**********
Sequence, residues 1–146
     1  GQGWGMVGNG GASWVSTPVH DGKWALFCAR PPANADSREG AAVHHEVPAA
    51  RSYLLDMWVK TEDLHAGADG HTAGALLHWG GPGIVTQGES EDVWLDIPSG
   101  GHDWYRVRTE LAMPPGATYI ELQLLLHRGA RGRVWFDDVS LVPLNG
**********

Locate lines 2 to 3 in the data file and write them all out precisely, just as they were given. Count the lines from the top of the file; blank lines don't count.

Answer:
     1  GQGWGMVGNG GASWVSTPVH DGKWALFCAR PPANADSREG AAVHHEVPAA
    51  RSYLLDMWVK TEDLHAGADG HTAGALLHWG GPGIVTQGES EDVWLDIPSG